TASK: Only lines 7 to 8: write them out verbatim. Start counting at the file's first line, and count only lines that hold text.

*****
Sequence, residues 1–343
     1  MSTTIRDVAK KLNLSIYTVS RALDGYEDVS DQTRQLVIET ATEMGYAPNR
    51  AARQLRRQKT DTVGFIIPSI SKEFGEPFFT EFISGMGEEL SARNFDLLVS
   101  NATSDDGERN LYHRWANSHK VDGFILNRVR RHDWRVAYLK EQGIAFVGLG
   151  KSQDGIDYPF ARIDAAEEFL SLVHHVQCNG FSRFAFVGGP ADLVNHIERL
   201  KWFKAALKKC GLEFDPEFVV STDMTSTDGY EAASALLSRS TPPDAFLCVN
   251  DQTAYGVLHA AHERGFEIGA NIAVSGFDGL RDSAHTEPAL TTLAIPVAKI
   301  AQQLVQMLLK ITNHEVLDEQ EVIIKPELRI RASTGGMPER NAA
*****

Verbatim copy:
   251  DQTAYGVLHA AHERGFEIGA NIAVSGFDGL RDSAHTEPAL TTLAIPVAKI
   301  AQQLVQMLLK ITNHEVLDEQ EVIIKPELRI RASTGGMPER NAA